A new international order seems to be emerging defined overwhelmingly by geo-economics rather than geopolitics. In this new order, the old multilateral institutions created under American auspices, or what is known as the Washington Consensus, no longer seem as effective or capable of addressing global problems as they were just a decade ago. Geo-economics has been defined by its proponents in two different ways: as the relationship between economic policy and changes in national power and geopolitics; or as the economic consequences of trends in geopolitics and national power. Both the notions that ‘trade follows the flag’ and that ‘the flag follows trade’ point to what is called geo-economics.
Britain’s decision to join China’s new Asian Infrastructure Investment Bank (AIIB) is a telling example of one of the key realities of the new international order. Britain recognises how economically important the Far East has become, and just how high the potential costs of exclusion might be from the region China dominates. This also throws into bold relief America’s reduced ability to influence the foreign policies of even its closest and formerly most reliable allies. The AIIB’s establishment has been welcomed by most regional countries vastly lacking in infrastructure and acutely short of resources to fund projects that are to be financed by the Bank. But then, the AIIB also enables China to employ its growing economic leverage to achieve long-term geopolitical goals in the region, as well as internationally.
By signing up as a member of the AIIB, Britain is becoming a player in a wider geopolitical and geo-economic game. As a recently released report by the World Economic Forum points out, some of the real losers of the new international order are the global institutions like the World Bank, the Asian Development Bank and the International Monetary Fund, associated with American hegemony.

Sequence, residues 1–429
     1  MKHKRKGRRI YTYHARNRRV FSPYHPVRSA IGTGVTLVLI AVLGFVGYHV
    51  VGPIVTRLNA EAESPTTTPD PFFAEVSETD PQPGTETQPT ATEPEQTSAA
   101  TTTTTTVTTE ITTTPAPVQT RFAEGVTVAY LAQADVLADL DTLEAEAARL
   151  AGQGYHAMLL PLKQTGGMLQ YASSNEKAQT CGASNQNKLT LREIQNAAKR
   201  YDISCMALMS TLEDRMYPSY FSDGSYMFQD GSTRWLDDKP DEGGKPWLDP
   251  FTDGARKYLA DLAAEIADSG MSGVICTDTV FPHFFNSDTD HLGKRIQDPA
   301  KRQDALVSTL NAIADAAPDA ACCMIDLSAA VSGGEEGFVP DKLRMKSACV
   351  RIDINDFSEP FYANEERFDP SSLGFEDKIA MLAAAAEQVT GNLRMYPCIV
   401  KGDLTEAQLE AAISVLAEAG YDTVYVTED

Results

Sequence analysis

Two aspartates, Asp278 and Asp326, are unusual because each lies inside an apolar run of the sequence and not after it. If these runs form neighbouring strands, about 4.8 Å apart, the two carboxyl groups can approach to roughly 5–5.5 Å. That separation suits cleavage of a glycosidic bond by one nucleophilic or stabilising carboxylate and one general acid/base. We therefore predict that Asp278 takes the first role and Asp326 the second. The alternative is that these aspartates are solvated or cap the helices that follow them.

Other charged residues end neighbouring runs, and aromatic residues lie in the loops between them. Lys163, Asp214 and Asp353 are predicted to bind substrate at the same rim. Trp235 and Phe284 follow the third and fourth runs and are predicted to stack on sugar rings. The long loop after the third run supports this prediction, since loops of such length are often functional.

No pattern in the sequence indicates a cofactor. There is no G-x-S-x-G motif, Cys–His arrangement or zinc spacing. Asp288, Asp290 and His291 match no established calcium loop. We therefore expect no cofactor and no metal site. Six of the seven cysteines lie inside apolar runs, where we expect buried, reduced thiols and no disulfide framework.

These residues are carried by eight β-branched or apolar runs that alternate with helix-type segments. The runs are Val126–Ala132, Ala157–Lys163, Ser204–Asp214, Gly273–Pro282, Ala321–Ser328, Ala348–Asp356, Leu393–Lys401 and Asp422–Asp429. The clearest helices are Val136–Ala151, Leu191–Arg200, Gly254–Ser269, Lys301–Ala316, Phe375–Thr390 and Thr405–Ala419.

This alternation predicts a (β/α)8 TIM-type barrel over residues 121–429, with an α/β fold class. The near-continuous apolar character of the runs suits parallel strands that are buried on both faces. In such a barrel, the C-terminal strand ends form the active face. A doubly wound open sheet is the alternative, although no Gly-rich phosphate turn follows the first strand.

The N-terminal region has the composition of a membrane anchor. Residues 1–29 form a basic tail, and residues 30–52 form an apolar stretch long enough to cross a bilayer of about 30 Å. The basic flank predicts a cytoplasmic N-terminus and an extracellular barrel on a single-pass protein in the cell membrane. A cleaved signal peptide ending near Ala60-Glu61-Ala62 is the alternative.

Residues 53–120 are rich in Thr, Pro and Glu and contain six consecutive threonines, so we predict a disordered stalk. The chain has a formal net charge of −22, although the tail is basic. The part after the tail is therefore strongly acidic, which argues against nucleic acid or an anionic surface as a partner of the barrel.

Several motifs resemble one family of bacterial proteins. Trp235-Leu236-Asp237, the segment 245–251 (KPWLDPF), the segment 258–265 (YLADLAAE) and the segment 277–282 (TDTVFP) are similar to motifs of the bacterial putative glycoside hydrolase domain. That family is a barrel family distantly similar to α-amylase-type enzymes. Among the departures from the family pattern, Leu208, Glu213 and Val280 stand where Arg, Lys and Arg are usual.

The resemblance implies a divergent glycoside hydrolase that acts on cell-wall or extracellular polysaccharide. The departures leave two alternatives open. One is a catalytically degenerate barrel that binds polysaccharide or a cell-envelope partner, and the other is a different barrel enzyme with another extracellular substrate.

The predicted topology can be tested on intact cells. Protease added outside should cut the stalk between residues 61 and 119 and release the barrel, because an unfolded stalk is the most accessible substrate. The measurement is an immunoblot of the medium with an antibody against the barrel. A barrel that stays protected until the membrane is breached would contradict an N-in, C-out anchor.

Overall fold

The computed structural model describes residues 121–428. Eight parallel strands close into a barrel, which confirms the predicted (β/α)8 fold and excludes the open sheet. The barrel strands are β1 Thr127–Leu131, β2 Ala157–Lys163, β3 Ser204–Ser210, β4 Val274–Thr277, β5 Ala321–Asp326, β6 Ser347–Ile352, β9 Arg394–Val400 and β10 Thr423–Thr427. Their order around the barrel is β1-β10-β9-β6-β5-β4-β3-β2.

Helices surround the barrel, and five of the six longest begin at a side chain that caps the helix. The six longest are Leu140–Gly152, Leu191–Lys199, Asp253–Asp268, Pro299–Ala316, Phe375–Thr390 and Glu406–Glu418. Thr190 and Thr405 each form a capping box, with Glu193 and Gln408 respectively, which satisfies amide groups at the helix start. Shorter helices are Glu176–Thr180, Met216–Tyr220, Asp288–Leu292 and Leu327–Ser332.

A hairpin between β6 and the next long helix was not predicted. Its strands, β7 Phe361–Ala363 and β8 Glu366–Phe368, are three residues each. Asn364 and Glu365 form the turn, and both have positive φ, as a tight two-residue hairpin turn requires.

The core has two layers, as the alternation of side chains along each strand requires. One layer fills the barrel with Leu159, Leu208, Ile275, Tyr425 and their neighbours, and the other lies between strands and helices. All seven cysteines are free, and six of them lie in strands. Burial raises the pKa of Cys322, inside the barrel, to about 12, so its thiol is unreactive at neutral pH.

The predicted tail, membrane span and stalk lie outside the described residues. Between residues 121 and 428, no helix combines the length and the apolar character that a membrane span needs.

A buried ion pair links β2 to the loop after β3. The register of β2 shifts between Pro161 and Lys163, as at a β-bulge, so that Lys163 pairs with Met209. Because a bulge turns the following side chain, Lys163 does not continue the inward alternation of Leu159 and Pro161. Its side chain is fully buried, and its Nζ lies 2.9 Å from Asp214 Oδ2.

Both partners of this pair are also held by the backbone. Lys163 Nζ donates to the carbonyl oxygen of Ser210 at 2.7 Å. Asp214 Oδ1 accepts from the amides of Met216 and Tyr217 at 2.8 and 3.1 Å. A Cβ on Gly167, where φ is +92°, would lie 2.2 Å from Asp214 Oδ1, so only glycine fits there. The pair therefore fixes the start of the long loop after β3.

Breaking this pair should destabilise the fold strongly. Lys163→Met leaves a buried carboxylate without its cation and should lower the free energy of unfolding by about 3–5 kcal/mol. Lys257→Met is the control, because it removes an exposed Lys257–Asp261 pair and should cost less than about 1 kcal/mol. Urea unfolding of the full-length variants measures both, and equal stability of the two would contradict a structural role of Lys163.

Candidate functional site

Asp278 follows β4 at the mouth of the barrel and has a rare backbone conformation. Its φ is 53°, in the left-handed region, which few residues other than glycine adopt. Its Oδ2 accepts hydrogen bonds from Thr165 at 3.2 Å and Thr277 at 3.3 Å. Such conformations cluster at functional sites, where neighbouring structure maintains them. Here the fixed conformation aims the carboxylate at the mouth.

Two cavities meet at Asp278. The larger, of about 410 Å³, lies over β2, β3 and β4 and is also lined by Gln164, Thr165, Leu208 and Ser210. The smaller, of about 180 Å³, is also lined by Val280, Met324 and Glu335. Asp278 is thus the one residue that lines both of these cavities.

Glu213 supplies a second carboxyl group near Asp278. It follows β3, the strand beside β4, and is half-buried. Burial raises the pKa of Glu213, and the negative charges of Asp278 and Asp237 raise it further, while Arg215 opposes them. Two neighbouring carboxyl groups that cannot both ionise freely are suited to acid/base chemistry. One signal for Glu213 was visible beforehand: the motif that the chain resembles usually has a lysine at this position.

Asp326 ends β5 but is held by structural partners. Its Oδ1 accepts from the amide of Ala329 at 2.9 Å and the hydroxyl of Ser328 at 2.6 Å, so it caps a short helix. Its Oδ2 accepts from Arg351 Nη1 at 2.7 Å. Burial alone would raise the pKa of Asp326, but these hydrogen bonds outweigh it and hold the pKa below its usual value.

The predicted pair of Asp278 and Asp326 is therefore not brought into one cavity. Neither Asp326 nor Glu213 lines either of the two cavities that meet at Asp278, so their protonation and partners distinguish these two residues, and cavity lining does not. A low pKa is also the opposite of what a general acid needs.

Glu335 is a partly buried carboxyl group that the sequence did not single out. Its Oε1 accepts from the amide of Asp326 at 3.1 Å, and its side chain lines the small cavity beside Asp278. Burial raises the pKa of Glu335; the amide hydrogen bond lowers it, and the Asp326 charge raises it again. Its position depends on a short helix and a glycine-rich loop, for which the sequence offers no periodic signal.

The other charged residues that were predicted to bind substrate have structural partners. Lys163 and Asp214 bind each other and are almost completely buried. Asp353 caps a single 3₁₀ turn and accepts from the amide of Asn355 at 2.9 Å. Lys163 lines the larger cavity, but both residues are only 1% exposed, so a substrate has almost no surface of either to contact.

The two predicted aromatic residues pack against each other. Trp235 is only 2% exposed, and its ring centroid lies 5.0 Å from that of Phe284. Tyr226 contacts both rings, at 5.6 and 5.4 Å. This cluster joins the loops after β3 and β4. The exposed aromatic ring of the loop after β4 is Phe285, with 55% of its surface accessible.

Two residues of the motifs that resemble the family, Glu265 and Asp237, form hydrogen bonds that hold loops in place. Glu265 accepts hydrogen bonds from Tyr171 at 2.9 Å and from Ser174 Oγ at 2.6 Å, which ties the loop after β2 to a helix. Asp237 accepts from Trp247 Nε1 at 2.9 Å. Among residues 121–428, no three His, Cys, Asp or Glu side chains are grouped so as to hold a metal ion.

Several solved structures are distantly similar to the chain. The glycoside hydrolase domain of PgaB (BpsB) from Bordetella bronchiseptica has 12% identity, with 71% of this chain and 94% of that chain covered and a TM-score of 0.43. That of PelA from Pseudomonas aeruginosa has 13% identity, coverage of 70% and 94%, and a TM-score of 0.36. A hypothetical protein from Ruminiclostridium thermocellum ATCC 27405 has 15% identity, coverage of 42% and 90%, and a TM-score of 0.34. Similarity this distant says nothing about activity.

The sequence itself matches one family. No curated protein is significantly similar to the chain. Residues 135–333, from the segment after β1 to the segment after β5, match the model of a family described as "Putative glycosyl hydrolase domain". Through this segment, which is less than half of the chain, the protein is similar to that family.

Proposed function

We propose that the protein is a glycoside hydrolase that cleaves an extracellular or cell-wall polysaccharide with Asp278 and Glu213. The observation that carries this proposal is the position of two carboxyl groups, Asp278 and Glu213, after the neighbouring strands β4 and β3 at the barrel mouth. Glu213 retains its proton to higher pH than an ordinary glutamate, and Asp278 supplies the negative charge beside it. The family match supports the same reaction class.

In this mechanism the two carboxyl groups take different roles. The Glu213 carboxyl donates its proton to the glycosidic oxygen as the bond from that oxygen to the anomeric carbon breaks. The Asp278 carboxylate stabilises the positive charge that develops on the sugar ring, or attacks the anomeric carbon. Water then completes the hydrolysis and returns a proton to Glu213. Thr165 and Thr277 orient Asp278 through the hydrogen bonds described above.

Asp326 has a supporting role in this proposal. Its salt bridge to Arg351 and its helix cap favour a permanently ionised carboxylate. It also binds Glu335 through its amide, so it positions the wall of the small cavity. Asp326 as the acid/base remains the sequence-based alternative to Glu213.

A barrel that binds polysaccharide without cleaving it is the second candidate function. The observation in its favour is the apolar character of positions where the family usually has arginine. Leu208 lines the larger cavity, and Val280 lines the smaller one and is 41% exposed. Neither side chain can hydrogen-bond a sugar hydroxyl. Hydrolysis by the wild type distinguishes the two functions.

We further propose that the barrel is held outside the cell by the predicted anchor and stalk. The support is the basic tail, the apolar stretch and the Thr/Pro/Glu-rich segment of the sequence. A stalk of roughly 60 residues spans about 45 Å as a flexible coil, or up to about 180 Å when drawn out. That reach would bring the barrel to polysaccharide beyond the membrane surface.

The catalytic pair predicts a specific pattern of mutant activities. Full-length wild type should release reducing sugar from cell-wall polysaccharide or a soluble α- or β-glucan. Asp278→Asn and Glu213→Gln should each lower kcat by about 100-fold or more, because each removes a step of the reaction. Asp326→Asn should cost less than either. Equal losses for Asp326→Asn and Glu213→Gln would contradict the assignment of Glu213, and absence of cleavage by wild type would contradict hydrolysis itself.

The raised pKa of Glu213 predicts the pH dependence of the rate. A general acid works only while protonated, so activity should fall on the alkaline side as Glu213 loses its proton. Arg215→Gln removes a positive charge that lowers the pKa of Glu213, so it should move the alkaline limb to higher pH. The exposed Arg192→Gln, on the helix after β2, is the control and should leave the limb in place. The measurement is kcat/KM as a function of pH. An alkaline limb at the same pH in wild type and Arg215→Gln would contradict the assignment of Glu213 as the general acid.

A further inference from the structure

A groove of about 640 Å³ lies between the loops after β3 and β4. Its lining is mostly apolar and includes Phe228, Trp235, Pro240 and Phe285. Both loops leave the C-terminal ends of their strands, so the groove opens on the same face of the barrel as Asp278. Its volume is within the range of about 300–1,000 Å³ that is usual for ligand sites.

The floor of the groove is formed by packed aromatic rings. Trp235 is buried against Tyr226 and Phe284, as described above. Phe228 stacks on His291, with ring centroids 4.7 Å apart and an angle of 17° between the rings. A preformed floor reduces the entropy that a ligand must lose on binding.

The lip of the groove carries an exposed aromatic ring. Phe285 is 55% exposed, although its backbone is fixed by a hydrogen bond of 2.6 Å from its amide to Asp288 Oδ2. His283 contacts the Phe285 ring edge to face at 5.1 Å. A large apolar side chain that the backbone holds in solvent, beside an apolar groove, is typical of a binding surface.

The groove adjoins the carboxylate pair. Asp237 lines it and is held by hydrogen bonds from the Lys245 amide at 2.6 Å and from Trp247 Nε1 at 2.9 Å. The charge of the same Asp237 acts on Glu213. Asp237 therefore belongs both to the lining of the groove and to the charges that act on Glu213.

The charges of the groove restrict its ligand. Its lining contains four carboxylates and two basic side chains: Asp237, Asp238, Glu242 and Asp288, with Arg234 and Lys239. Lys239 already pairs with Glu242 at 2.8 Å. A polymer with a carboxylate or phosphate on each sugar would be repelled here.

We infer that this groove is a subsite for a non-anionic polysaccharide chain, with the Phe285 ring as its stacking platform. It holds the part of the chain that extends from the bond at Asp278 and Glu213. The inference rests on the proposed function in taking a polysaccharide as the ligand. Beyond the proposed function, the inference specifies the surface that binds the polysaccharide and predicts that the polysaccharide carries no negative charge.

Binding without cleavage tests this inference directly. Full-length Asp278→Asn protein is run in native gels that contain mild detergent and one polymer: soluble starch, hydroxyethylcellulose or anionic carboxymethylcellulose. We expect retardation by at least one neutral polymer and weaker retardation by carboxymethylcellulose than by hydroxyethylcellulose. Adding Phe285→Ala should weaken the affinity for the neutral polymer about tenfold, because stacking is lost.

The setting up of the China-Pakistan Economic Corridor and the creation of a new ‘Silk Road’, linking Beijing to its immediate neighbours, will not only dramatically increase regional productivity and trade, it is expected to stand as an enduring, very tangible expression of China’s material centrality in Asia and beyond. The so-called Beijing Consensus is gaining ground over its rather discredited rival from Washington. This is why the US is said to be so concerned about what might otherwise be seen as a welcome, productive and positive expression of China’s growing economic power.
The struggle to define the norms, rules and practices that will determine the environment in which states and corporations operate in the 21stcentury is said to be one of the most important expressions of heightened geo-economic competition. Nation-states are coming to realise that war is no longer a viable option for remaining in control. Seeing this, competitive nations are shifting their resources towards science, education, production and trade. Now with even more lethal weapons in existence, the disastrous consequences of wars between nations have become even more obvious. This may prevent nations from engaging in large-scale wars with one another in the future. Not only are geopolitics and geo-economics intimately linked, but the latter is expected to increasingly trump the former in the absence of outright war. Wars by commercial means are becoming the principal focus of inter-state competition.
Already, Pakistan has reached the point of zero-sum on nuclear weapons capability with India. So a frontal war is no more an option for either India or Pakistan. With the entire world watching the two nuclear-armed South Asian neighbours very closely, cross-border militancy perpetrated by non-state actors is also hopefully off their respective strategic planning boards. So, it would be on the economic front that the two rivals are most likely to confront each other in the future. Or perhaps cooperate with each other. There is vast asymmetry between the two countries with India far ahead of Pakistan, economically, as well as in many other aspects. We, therefore, need to urgently readjust our position regionally and internationally to face the realities of this geo-economics-led new order. And as a first step towards achieving this goal, we should be shifting our resources from geo-strategic matters to geo-economic subjects like science, education, production and trade.
Published in The Express Tribune, November 4th, 2015.